After years of feasting on tourists’ demand for hand-stitched leather satchels and diamond-encrusted watches, luxury-goods makers are now courting a group they’ve long overlooked: local shoppers. Handbag-maker Bottega Veneta is relocating its Manhattan store from Fifth Avenue to nearby Madison Avenue, where more New Yorkers shop. Italian fashion house Gianni Versace plans to open a Hong Kong boutique that will cater to the island city’s residents, not the Chinese who have curbed spending there.
Those moves and others show how high-end brands are rehashing strategies as tourist demand cools after terror attacks in Paris and Brussels. Spending by travelers barely grew in the first two months of the year after surging 26 percent in 2015, weighing on an industry that gets more than a third of sales from them.
Luxury companies “have to think again how to keep domestic consumers loyal,” said Armando Branchini, founder of consultant Intercorporate.
Take Bottega, whose sales fell 3.1 percent in the fourth quarter, dragged down by Asia. It gets more revenue from Hong Kong than either the U.S. or Italy, according to owner Kering SA, and about 80 percent from Asian clientele, MainFirst Bank AG estimates.
Moving to Madison Avenue gives Bottega more space to showcase its merchandise as the brand expands its footwear, jewelry and clothing lines, Kering Chief Executive Officer Francois-Henri Pinault said.
“When I look at the penetration of Bottega among local customers, it wasn’t an absolute priority because of the brand’s momentum,” Pinault said, adding the company will rejig its merchandise “to have products that are better suited to the taste of local customers in the major markets.”
Versace is also targeting locals in Hong Kong, according to CEO Gian Giacomo Ferraris. While Japan and Korea hold potential amid the influx of Chinese consumers there, Hong Kong remains an important city, he said in an interview.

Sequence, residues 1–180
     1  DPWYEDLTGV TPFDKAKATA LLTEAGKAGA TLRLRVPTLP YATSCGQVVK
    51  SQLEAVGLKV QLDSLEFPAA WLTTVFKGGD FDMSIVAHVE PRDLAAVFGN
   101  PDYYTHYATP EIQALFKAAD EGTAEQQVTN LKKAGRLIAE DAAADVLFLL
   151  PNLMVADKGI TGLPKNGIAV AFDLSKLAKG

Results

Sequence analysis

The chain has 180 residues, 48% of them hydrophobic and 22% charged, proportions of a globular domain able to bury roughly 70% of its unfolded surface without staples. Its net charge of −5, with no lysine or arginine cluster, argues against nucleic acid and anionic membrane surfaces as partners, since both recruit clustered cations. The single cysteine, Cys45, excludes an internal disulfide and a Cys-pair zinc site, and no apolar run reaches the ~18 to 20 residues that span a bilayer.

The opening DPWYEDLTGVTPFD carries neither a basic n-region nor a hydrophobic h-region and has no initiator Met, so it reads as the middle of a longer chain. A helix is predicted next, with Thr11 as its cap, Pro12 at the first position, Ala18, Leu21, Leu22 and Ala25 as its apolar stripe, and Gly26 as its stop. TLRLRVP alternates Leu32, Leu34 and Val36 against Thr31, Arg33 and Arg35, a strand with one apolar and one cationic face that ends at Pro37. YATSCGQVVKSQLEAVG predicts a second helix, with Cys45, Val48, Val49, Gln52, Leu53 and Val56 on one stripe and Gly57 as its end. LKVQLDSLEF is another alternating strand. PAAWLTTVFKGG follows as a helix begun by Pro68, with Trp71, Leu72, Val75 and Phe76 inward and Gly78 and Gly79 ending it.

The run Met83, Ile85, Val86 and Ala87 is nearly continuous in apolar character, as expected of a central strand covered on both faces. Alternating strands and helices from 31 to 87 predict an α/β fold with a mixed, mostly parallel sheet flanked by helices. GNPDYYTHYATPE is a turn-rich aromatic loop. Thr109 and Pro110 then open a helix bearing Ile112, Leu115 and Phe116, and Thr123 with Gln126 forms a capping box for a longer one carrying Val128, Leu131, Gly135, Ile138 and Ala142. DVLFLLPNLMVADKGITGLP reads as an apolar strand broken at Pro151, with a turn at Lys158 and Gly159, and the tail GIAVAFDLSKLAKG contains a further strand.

“We are developing our strategy more to local clientele rather than tourists,” he said.
LVMH-owned Swiss watchmaker Zenith, meanwhile, is selling more steel watches than gold ones, CEO Aldo Magada said at last month’s Baselworld watch fair. Rolex, Omega and Cartier are also “putting a stronger emphasis on steel and stepping up competition in a sign that middle-class consumers in developed market are now higher on their priority list,” said Luca Solca, an analyst at Exane BNP Paribas.
The shifts in demand support Hermes International SCA’s decision to resist making sharp price increases on its leather goods in Europe, which brands like Chanel did last year to narrow the gap with China, where a weakening euro made items purchased there more expensive. Raising prices significantly “would mean giving up on local customers and that is something we do not want to do,” Hermes CEO Axel Dumas has said.
Focusing on local customers isn’t a panacea, according to Philip Guarino, Europe Director at consultant China Luxury Advisors. The European and U.S. economies remain subdued and Chinese consumers are still spending overseas on “anything that isn’t jewelry or watches,” he said.
Luxury companies need to work harder to engage Chinese consumers when they’re traveling -- by, say, marketing over social media -- rather than relying on age-old tactics like paying commissions to tour guides. Many brands “simply just don’t get it,” Guarino said.
Still, the response from Versace and others showcase the harsh new reality facing the luxury industry: The days of easy growth are over.